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J Cereb Blood Flow Metab. 2015 Oct;35(10):1632-9. doi: 10.1038/jcbfm.2015.98. Epub 2015 May 13.

Vascular permeability in cerebral cavernous malformations.

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Neurovascular Surgery Program, Section of Neurosurgery, Department of Surgery, The University of Chicago Medicine and Biological Sciences, Chicago, Illinois, USA.
Brain Research Imaging Center, The University of Chicago Medicine and Biological Sciences, Chicago, Illinois, USA.
Section of Neuroradiology, Department of Diagnostic Radiology, The University of Chicago Medicine and Biological Sciences, Chicago, Illinois, USA.
Diagnostic Department Glostrup Hospital, University of Copenhagen, Copenhagen, Denmark.
Department of Circulation and Medical Imaging, The Norwegian University of Technology and Science, Trondheim, Norway.
Department of Neurosurgery, West China Hospital of Sichuan University, Sichuan, China.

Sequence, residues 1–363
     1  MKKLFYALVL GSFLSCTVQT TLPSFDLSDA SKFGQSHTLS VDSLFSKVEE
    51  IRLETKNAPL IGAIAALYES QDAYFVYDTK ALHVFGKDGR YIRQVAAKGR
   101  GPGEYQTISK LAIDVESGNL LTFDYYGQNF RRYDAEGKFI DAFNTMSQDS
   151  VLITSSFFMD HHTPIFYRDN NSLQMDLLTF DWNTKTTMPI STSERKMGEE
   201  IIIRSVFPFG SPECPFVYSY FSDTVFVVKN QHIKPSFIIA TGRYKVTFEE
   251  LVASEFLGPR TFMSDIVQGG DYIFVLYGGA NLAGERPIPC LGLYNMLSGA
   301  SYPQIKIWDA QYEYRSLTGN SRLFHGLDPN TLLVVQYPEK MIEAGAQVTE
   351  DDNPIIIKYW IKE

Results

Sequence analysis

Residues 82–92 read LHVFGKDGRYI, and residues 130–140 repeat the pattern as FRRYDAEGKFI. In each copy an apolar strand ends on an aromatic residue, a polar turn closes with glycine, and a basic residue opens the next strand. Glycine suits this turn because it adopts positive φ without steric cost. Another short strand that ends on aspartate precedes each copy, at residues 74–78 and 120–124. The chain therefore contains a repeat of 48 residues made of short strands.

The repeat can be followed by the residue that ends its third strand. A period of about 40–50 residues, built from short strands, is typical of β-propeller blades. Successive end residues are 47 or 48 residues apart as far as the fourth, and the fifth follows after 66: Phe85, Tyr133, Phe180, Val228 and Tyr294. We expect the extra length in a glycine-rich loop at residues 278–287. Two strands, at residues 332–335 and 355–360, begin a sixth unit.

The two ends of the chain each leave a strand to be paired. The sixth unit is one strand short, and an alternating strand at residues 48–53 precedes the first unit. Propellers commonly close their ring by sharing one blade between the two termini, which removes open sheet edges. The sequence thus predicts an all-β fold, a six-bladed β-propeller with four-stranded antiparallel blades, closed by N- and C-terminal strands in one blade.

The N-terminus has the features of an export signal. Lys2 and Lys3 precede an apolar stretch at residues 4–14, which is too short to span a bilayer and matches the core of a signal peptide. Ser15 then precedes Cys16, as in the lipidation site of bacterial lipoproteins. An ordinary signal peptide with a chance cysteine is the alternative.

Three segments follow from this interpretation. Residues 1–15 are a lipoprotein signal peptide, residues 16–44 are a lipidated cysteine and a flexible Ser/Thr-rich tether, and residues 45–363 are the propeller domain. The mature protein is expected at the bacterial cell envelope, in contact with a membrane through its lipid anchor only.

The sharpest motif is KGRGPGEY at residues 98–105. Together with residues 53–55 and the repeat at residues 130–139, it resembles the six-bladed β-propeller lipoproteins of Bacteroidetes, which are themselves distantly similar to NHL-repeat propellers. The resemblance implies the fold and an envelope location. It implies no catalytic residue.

Patients with the familial form of cerebral cavernous malformations (CCMs) are haploinsufficient for the CCM1, CCM2, or CCM3 gene. Loss of corresponding CCM proteins increases RhoA kinase-mediated endothelial permeability in vitro, and in mouse brains in vivo. A prospective case-controlled observational study investigated whether the brains of human subjects with familial CCM show vascular hyperpermeability by dynamic contrast-enhanced quantitative perfusion magnetic resonance imaging, in comparison with CCM cases without familial disease, and whether lesional or brain vascular permeability correlates with CCM disease activity. Permeability in white matter far (WMF) from lesions was significantly greater in familial than in sporadic cases, but was similar in CCM lesions. Permeability in WMF increased with age in sporadic patients, but not in familial cases. Patients with more aggressive familial CCM disease had greater WMF permeability compared to those with milder disease phenotype, but similar lesion permeability. Subjects receiving statin medications for routine cardiovascular indications had a trend of lower WMF, but not lesion, permeability. This is the first demonstration of brain vascular hyperpermeability in humans with an autosomal dominant disease, as predicted mechanistically. Brain permeability, more than lesion permeability, may serve as a biomarker of CCM disease activity, and help calibrate potential drug therapy.

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